Go with the flow?
We all know that streams, rivers and lakes come in many different shapes and sizes.
They twist, turn, wind, bend, curve, zigzag and weave way across landscapes and have many different patterns!! No lake or stream is like any other!
Thousands and thousands of years have made rivers the unique shapes that they are….
This is a process known as erosion , which is largely responsible for shaping rivers.
Erosion loosens land as a result of physical reactions, like waves crashing into shorelines.
Even though these changes take thousands of years, they can change in the course of a single day, due to urban development.
Trent University student, Sarah Murphy, is conducting her 4th year undergraduate thesis on how changing the shape of our rivers and streams can impact the environment around them. She is working with Dr. Catherine Eimers.
Her research is focused on studying hydrology, the study of water movement in relation to the land. She wants to answer the question: how does land use alterations influence river systems concerning hydrology and geomorphology?
Sarah used data from the Water Survey of Canada that has been collected over the last 10-30 years. She ran parameters on the data and separated streams/rivers by rural and urban areas.
Sarah also used imagery and geographic information system technologies to compare the changes in the landscape. She focused on 12 water basins including Little Rouge, Oshawa, Ganaraska Region, Coburg, Nottawasaga, Etobiocoke, and Mimico.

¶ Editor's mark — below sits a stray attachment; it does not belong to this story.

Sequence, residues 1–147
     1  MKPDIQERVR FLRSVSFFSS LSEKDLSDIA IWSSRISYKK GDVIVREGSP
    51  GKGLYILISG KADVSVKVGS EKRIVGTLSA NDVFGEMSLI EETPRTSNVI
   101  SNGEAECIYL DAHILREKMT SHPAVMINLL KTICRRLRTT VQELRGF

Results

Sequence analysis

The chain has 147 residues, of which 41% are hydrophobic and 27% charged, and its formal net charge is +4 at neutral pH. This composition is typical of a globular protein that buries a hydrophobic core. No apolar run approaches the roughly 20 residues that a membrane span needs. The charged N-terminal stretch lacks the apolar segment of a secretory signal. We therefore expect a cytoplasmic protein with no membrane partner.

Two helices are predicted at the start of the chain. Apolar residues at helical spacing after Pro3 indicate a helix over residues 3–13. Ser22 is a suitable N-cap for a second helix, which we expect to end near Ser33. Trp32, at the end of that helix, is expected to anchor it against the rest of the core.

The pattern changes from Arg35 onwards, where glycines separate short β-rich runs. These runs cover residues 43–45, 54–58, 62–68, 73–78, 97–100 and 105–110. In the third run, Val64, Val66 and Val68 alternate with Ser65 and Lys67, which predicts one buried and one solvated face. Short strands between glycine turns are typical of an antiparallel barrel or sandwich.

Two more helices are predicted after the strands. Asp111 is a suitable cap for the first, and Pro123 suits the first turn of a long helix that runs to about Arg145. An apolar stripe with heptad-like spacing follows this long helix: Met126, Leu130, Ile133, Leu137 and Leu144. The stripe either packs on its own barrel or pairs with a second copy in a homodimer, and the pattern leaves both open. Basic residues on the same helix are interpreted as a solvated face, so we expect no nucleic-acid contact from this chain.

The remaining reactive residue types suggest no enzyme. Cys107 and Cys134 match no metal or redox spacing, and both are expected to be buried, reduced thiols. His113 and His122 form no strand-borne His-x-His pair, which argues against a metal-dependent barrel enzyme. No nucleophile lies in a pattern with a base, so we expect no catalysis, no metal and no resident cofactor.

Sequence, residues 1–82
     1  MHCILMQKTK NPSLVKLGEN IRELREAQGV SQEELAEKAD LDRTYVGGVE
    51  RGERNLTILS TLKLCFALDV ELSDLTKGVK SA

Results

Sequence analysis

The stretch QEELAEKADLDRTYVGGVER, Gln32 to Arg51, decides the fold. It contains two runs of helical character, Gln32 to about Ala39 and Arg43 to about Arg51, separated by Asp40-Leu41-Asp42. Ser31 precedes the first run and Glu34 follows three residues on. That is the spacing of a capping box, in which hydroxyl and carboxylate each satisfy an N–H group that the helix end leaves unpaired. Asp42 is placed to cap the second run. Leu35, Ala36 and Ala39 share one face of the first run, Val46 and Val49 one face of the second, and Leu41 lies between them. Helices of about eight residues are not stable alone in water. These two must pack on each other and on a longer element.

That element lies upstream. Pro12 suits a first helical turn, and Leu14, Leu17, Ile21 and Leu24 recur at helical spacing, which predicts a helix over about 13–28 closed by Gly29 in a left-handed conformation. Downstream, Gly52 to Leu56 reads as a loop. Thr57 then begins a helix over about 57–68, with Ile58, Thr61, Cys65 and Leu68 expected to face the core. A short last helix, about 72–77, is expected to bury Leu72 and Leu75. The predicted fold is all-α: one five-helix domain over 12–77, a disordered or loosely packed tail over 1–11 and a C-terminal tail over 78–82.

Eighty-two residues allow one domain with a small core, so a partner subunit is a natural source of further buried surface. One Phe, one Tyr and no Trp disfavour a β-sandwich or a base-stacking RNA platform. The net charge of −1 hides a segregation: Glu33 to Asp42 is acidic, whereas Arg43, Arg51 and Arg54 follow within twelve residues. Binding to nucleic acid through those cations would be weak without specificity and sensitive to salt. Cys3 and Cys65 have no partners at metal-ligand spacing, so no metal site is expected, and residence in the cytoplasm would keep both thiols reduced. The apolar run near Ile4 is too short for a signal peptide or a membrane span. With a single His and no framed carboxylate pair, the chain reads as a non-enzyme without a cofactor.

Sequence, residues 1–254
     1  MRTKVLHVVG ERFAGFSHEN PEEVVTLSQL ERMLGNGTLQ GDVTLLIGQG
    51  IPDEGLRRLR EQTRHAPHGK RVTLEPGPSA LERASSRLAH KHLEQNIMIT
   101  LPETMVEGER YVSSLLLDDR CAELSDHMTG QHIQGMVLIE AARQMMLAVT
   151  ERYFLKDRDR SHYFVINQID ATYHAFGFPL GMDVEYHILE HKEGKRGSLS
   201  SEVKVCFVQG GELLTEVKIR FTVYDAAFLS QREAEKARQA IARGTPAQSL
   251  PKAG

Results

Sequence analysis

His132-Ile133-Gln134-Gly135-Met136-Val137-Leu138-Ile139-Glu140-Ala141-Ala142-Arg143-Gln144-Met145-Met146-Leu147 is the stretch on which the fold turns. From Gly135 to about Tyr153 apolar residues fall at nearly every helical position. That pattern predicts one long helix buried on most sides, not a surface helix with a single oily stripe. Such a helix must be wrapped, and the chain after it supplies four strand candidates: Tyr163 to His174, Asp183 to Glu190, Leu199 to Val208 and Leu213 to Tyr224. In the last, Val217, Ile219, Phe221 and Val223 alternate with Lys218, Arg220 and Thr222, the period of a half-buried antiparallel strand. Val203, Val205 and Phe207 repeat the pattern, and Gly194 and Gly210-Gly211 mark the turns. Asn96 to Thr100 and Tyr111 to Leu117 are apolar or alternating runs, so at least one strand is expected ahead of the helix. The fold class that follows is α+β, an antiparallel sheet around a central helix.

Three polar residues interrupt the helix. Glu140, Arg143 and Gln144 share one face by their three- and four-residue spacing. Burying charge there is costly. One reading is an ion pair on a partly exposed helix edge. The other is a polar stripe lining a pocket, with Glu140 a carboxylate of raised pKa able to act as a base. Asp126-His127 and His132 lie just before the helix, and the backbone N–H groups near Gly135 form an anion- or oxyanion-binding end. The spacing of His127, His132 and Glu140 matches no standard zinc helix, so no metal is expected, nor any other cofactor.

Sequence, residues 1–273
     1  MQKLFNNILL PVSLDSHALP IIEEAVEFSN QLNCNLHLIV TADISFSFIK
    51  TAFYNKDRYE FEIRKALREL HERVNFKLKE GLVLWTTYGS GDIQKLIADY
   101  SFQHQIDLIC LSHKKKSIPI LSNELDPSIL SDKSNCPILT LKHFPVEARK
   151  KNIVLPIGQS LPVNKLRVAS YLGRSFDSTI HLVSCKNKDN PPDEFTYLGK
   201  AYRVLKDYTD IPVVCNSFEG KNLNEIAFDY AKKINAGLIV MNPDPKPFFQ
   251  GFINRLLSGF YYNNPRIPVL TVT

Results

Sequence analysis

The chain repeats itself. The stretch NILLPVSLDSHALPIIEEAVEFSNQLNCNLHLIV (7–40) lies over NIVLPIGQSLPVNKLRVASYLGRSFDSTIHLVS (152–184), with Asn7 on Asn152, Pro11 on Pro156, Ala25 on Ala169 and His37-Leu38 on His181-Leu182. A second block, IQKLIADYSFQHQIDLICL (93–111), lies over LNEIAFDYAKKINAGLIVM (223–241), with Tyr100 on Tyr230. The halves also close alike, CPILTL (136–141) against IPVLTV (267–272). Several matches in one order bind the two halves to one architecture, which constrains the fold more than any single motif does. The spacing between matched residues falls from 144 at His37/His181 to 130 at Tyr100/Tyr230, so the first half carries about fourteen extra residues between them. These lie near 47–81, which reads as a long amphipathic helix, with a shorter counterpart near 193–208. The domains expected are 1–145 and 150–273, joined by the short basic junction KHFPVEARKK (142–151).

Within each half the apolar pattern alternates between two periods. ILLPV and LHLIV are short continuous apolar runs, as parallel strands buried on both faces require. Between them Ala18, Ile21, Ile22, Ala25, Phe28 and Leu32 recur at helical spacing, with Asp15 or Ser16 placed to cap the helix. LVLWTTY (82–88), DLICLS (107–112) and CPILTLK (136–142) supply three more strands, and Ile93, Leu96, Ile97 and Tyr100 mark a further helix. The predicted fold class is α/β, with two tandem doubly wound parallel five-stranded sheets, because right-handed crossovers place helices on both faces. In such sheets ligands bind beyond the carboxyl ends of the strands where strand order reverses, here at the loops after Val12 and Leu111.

- Extreme flows
- Richers Bakers Index (daily changes in water levels in stream channels from day-to-day)
- Stream shape
- Drainage density
Her primary results have found that urban development, like constructing new roads and buildings, may be responsible for many negative impacts to our natural environment and that agricultural impacts on streams are distinct from urban areas. For instance, agricultural landscapes are more influenced by erosion processes – but urban areas are more influenced by human development.
Changing the shape of the streams changes how the water flows. Streams naturally have many bends, which slows down how quickly the water flows.
However, in general, urban planners change the streams to flow in straight lines.
This causes the water to react in new ways – including excessive flooding, extreme flows, an increase flow of water to storm water systems, and a change in the amount of water that is drained into the ground.
Pavements have also reduced the ability of water to be infiltrated into the soils, which is increasing the potential of flooding. This is becoming a major problem in urban environments.
Some fish species and aquatic bugs aren’t able to handle these changes and they are being flushed out of their own ecosystems.
This is a big problem because in Southern Ontario, we have some of the most productive agriculture soil in all of Canada. If the topsoil is removed because of flooding, water runoff and erosion, there is a strong likelihood to increase contamination flowing into water channels from our cities.
Sarah stresses the importance of education and raising awareness about how we can begin to think about new #green ways to design our landscapes with the environment in mind.
Urban developers are urged to develop our landscape with #green practices – where both nature and urban areas can exist together.
Thanks Sarah for encouraging developers to go with the #green flow!!
Here is what she has to say about her Trent University experience: